Alabama’s defense is still good.  Georgia will have a hard time moving the ball, I think.  I think they can, but it won’t be easy.

But can we stop this offense?

The Pruitt affect will decide if Georgia wins or loses.


This was for you, Ray Goff

Few head coaches at The University of Georgia have been as maligned as Ray Goff, who had the unfortunate circumstance of taking over as head coach of a handstrung program that at the same time became a glutton for punishment at the hands of the Ol’ Ball Coach, especially when he hung half a hundred on the Dawgs in 1995 in Athens.

I wasn’t in Sanford that day – but know plenty who were. If you had to endure that day, Saturday night was especially sweet.

1966 was a lifelong torture. 1997 was sweet revenge. Last night? That was an undressing. Georgia has a good team, and showed it. USCe is down, and Georgia exposed it in a big way.

Detractors – you know they are out there. They’ll pull out the fact that, “but…USC is a bad team. That win isn’t that big.”

Not hardly.

How many times has Georgia played an inferior team and slopped its way to an ugly win. I’ll eat crow – I expected it on Saturday. But what we saw on Saturday is what championship teams do – take care of business and make a statement – do what you are there to do to start with.

Will this team play on that level the rest of the year? Probably not. You cannot expect that over the course of a season. In a perfect world, you could bottle up the emotion of Saturday and sprinkle it around each week. We remember all too begrudgingly the 2004 LSU win followed up by a flat loss to Tennessee…even the 1997 Florida win followed by laying an egg against Auburn.

But if this team plays at a fraction of what we saw Saturday – executing on both sides of the ball and a lack of special teams gaffes…for the most part…bigger things could be in store later down the line.

Go Dawgs!

Lugnut Dawg

South Carolina Preview

I didn’t watch the South Carolina-Kentucky game last week. I was watching the Michigan State-Oregon and LSU-Mississippi State games because I had a, err, vested interest in those games’ outcomes (and I came away half-happy).

Skip to the bottom after the bold type if you want the nuts and bolts.

At any rate, it is hard to gauge most teams out there, because for the most part, the level of competition has been sub-par. I love, but this early in the season, it is hard to get an accurate read on most teams.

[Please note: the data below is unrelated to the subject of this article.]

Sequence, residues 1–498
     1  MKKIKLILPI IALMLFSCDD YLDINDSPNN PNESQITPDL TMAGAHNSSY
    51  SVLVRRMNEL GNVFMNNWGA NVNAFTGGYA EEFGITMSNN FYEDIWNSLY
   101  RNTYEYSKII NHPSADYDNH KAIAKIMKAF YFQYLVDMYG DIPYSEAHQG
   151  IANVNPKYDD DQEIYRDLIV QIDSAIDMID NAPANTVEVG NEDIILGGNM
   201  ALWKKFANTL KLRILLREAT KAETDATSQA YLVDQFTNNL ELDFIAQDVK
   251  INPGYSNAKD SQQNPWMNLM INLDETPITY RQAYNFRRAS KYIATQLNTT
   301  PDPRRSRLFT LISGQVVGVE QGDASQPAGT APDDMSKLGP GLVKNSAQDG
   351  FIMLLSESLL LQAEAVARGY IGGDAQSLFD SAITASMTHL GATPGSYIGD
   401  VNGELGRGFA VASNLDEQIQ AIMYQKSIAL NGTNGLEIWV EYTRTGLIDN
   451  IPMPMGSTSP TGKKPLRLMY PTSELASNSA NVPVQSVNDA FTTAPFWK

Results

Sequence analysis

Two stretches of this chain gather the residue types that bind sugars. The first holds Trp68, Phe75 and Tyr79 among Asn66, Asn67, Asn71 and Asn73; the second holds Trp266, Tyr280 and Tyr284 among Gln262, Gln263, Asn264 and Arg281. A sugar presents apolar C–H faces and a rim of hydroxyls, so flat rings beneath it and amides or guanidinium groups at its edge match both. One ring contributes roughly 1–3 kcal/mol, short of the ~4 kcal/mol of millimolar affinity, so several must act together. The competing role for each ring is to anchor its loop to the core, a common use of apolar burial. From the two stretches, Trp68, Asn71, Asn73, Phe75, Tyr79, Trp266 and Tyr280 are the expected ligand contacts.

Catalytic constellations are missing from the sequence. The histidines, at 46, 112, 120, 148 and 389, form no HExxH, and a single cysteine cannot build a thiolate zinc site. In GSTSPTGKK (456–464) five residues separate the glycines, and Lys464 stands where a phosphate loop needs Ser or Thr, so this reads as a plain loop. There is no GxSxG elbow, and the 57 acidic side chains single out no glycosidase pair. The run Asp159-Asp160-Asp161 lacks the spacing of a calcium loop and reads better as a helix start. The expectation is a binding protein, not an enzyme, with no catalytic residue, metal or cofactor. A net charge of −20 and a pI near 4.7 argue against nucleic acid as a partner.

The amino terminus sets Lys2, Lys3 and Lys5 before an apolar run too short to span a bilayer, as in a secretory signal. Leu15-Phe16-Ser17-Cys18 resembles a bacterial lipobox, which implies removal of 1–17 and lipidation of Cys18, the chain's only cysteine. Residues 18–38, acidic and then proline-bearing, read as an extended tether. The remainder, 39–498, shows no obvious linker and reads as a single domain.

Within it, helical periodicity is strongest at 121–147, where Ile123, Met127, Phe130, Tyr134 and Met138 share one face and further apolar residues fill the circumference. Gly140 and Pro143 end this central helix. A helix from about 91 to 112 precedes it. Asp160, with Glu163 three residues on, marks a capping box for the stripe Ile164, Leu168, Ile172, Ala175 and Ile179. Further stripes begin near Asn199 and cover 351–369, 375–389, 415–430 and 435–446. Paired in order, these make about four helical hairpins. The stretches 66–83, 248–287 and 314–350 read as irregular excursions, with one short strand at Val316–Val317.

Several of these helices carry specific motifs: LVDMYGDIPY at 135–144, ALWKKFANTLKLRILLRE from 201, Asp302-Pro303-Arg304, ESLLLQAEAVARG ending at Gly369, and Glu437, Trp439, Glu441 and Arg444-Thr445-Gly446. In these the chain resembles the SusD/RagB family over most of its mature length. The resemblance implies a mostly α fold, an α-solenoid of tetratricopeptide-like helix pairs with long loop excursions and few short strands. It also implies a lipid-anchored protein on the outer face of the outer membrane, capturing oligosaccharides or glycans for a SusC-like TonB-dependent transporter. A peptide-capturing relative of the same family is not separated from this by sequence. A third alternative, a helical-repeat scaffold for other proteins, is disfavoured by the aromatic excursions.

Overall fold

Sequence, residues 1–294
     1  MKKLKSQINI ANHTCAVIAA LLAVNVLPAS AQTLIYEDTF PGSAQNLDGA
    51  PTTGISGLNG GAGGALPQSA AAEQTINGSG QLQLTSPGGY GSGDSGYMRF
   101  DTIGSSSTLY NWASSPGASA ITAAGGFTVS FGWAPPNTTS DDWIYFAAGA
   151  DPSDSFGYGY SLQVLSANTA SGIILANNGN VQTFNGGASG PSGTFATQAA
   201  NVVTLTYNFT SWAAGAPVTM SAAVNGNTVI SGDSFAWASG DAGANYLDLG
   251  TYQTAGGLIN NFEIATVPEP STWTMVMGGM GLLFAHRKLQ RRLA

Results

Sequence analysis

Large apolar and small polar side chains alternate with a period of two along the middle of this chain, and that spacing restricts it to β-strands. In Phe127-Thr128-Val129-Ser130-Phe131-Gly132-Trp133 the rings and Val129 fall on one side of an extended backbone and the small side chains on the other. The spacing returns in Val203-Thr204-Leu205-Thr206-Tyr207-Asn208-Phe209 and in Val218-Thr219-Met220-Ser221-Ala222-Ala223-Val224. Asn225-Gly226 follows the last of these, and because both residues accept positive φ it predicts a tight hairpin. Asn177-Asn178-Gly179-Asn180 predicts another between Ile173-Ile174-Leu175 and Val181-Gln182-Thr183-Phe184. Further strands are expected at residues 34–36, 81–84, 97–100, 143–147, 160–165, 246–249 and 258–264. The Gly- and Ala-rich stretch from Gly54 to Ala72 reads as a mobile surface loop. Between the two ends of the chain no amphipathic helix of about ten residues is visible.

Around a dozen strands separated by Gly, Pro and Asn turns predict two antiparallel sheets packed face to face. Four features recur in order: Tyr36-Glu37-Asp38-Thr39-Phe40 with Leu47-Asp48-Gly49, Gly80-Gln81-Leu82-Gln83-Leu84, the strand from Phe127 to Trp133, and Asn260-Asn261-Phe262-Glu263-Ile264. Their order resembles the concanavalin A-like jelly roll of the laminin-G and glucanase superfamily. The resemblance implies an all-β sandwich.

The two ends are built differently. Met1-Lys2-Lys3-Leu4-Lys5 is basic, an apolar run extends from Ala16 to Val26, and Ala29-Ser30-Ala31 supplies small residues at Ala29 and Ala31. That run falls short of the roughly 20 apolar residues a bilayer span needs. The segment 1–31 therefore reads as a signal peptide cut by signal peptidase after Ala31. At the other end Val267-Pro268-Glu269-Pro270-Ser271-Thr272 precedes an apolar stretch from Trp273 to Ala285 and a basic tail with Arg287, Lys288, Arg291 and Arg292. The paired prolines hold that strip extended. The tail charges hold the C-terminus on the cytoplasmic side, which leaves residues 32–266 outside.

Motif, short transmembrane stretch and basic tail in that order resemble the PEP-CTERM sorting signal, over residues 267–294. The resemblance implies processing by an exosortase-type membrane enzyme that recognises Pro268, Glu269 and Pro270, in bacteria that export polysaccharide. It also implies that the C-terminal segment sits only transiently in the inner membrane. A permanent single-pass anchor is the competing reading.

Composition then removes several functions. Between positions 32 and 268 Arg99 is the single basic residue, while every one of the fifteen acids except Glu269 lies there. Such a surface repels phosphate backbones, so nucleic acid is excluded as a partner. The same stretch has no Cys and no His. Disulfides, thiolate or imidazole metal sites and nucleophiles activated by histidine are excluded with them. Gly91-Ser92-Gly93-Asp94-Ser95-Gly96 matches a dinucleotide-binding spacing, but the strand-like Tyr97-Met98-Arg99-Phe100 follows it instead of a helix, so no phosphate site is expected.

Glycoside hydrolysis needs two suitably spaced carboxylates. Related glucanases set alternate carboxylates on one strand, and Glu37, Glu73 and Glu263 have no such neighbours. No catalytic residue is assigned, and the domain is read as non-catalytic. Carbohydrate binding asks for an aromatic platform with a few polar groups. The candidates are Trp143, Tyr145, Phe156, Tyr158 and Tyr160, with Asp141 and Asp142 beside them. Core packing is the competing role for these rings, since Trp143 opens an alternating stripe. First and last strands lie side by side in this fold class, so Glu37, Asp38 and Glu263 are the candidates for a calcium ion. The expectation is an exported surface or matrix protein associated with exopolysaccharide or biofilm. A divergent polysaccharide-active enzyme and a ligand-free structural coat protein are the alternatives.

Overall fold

That is not necessarily the case with South Carolina. They have played two Power 5 teams, and are lucky to not be 0-2.

Georgia has played two inferior opponents, but I think time will prove the Vanderbilt defense is quite competent.

With that said, here we go looking at the matchups…

First and foremost, I hope for a win. If we win every game ugly, I’ll be bitching and moaning with a smile on my face 12 weeks from now.

Based on watching South Carolina attempt to defend North Carolina’s running game, I just don’t see how they stop Nick Chubb and Sony Michel. I just don’t see it happening. The Gamecocks are (with a small sample size) giving up 200 rushing yards per game and are nearly giving up 6 yards per carry. Georgia has gotten 262 yards per game on the ground at this point, at almost 7 yards a carry.

Georgia has the capability to, and should, run all over South Carolina. Seeing how none of the offenses South Carolina has faced have backs like ours, I feel this is a very safe assumption to make.

And I don’t see how South Carolina will score on our defense. Georgia may not have the best defense in the country. Hell, they probably don’t have the best defense in the SEC (we’ll see on that). But what they do have is several elite linebackers that can stop the run and rush the passer.

While Georgia doesn’t throw the ball well, South Carolina’s passing threat isn’t much better. I think it is fair to say Georgia’s biggest weakness on defense is the secondary, which has shone chinks in the armor. I think poor Perry Orth will be hit one time by Jenkins/Floyd/Carter and that will be all she wrote.

So South Carolina’s defense won’t stop what we are good at, and Georgia’s defense is really good. Offensively South Carolina won’t be able to exploit our weaknesses on defense.

Sounds simple, right?

It should be. But it never is.

If Georgia doesn’t turn the ball over and give South Carolina free points, and doesn’t have disasters on Special Teams, this should be a rout.

 At some point, the above is going to happen. Every running back fumbles. Even great backs. It happens. Every quarterback, from Grayson Lambert to Joe Montana, will throw an interception. It will happen.

Every team has at some point a bad snap on a punt.

If just one of those things happens, we can recover. If we decide to make all our mistakes in one game, like Georgia has been known to do, it will be difficult to win.

It is really that simple.

I think we’ll have a pretty good idea by halftime, one way or another.


This Saturday Could Be Heaven or Hell If You Hate Spurrier

The way I see it, Saturday can go one of two ways. And it’ll carry two very different emotions with it.

On one hand is the fact that it could be one of the most revered wins in Georgia history. Stay with me here. Any true Georgia fan HATES Steve Spurrier with a passion. Now there are some, like Kensington Dawg and myself that enjoy his wit and one-liners, but you cannot be a true UGA fan and hate the coach that is Spurrier.

Thing is – the feeling is mutual. Spurrier detests Georgia, and it shows. That’s why Saturday could be a very sweet victory. It’d rank up with the other two big Georgia wins against the OBC – tarnishing his 1966 Heisman season and preventing Florida from going unbeaten and the 1997 streak-breaking route of the Florida in the WLOCP.